Labour leader Jeremy Corbyn is due to meet his shadow cabinet to discuss possible air strikes in Syria amid deep splits in the parliamentary party.
The government wants a Commons vote on the question but Mr Corbyn is opposed to any further military action.
Many shadow cabinet members support air strikes and are urging their leader to allow Labour MPs a free vote.
Meanwhile, a union leader has accused Labour MPs of using the issue to start a coup against Mr Corbyn.
The government has insisted it will hold a vote on air strikes only if it is certain it has the clear support of the Commons, which means winning the backing of many Labour MPs.
But Mr Corbyn said he had still not decided whether to allow his MPs to follow their conscience in a free vote – or insist they collectively oppose military action.
The latter risks a furious backlash from some members of his shadow cabinet, says BBC political correspondent Ben Wright, and could derail the government’s hopes of holding a vote within days.
Our correspondent says Mr Corbyn’s meetings with his shadow cabinet and backbench MPs are likely to be strained and fractious – and possibly critical in determining whether the UK will soon be joining other countries in dropping bombs on Islamic State (IS) targets in Syria.
Mr Corbyn insists he represents the views of Labour members, an opinion echoed by the leader of Britain’s biggest trade union, Len McCluskey.
The Unite general secretary accused Labour MPs of a “sickening” effort to get rid of Mr Corbyn by exploiting the row over Syria.
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Defence Secretary Michael Fallon has said the government does not yet have enough votes from MPs to back the extension of air strikes into Syria as well as Iraq.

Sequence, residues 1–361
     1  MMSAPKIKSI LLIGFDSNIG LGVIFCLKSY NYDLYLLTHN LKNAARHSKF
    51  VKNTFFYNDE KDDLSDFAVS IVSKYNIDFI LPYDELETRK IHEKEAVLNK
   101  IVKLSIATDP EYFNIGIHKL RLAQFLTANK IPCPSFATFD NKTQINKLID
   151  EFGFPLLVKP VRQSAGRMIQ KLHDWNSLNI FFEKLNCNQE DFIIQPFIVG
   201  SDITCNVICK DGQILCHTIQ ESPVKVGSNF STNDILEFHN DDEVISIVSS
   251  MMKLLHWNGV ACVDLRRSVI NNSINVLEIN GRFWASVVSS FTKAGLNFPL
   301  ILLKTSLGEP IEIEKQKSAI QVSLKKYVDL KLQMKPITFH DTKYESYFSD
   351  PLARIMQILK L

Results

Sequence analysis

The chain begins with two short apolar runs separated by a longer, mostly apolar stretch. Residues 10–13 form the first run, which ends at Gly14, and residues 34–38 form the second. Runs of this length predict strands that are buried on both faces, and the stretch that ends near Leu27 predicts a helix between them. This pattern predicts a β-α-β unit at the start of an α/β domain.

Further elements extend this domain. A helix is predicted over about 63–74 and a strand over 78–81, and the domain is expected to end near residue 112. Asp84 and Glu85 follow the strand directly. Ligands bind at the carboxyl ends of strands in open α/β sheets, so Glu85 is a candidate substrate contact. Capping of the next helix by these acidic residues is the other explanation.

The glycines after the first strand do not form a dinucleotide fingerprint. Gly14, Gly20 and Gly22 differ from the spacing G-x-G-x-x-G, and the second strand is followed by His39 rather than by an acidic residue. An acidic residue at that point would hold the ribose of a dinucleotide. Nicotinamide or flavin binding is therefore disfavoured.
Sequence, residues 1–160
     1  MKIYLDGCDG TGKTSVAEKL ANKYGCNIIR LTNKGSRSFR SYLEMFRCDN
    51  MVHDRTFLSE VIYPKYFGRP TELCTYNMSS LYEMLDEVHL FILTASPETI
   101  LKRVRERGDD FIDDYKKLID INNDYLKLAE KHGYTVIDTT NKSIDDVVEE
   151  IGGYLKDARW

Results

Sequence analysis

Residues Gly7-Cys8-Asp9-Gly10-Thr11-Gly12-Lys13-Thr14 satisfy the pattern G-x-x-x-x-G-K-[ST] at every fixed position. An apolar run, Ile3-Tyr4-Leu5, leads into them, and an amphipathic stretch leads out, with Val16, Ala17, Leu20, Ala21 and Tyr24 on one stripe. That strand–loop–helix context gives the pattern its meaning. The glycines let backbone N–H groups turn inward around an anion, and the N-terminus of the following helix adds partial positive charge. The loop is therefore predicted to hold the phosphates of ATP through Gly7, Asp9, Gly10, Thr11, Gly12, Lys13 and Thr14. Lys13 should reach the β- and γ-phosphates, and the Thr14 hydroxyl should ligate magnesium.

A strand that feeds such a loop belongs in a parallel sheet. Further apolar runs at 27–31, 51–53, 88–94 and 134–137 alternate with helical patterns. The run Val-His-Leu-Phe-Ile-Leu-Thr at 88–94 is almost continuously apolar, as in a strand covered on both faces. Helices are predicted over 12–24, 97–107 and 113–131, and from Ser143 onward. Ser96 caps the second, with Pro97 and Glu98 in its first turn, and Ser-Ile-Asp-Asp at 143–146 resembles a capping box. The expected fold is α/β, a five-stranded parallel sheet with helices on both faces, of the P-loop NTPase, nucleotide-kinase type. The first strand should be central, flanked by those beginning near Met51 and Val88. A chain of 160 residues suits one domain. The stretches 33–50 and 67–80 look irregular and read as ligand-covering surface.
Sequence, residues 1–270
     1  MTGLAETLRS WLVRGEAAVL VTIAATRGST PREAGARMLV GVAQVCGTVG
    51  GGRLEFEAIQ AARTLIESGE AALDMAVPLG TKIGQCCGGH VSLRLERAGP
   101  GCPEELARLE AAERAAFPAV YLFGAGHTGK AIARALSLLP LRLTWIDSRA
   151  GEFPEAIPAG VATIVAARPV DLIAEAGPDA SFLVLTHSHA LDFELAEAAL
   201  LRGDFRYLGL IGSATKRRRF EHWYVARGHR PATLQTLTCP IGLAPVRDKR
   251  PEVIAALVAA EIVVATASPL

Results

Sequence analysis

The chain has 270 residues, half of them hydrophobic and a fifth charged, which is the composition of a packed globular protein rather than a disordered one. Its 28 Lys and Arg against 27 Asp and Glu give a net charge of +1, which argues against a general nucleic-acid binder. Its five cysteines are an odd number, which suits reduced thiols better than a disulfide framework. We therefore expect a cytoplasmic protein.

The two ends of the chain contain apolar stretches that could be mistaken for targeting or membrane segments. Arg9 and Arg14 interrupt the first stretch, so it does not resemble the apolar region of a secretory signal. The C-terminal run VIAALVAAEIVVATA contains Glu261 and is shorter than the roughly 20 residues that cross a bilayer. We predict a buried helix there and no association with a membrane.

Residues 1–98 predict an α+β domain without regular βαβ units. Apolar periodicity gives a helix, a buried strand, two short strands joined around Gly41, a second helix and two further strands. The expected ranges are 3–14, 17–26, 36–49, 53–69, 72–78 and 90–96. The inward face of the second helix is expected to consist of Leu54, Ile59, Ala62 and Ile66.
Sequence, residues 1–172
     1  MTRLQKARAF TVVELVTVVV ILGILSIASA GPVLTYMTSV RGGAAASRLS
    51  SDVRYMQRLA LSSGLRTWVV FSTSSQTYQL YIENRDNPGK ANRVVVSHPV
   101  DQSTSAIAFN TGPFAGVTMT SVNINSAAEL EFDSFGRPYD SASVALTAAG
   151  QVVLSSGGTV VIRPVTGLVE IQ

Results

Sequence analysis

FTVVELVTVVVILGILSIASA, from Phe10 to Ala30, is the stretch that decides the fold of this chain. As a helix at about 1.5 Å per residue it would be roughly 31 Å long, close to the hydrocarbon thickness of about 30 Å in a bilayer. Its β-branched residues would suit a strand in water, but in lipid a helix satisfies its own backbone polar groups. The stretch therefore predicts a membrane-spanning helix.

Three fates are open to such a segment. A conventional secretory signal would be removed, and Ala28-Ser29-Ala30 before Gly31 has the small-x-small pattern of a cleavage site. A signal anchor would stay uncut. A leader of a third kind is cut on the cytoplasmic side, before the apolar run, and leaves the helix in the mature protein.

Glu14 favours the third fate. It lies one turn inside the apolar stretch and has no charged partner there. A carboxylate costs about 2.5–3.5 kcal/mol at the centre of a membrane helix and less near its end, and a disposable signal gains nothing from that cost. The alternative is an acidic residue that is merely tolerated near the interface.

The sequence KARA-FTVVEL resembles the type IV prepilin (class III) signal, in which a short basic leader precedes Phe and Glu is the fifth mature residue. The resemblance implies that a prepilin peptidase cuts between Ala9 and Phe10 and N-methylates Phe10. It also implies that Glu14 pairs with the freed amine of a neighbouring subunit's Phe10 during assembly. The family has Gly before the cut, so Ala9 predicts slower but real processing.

Mr Fallon told the BBC he had been in talks with Labour MPs but added: “We’ve got to keep building the case.”
He admitted it would be harder to get support if Labour ordered its MPs to vote against air strikes.
Analysis: ‘A crucial week’
By Ben Wright, BBC political correspondent
It’s all about the numbers. Even though the government has a majority of 12, a number of Conservative MPs – perhaps a dozen – have strong doubts about extending air strikes to Syria.
And the government will not risk a defeat in the House of Commons. In fact, it wants an emphatic win.
The government won’t get the support of SNP MPs, the third largest party in Parliament, so it needs a chunk of Labour MPs with it.
Some Labour MPs had briefings with the MoD this weekend and are wrestling with the arguments, listening to constituents.
It is why Jeremy Corbyn’s decision is so important.
If he allows a free vote, perhaps half his shadow cabinet and around 60 Labour MPs may vote for air strikes. If he insists on collective opposition there will be an almighty row within the Parliamentary Labour Party that could scupper the government’s plans.
One shadow cabinet minster has told me there’s a chance Labour will not agree a position on Monday at all and will wait for the wording of the government’s motion before deciding how to vote.
It will be a crucial week.
Mr Corbyn has insisted he is “not going anywhere”, despite reports of potential leadership challenges against him from his MPs, telling the BBC he is enjoying “every moment” of his time as leader.
He said: “I feel there are some people who haven’t quite got used to the idea that the party is in a different place. It’s much bigger than it’s been in all of my lifetime.
“We have a very open electoral system. The result was a very, very clear mandate for me to be leader of the party.”
MPs rejected a vote for air strikes against Syrian government targets in 2013. However, it is taking part in air strikes against IS in Iraq after MPs backed the move last year.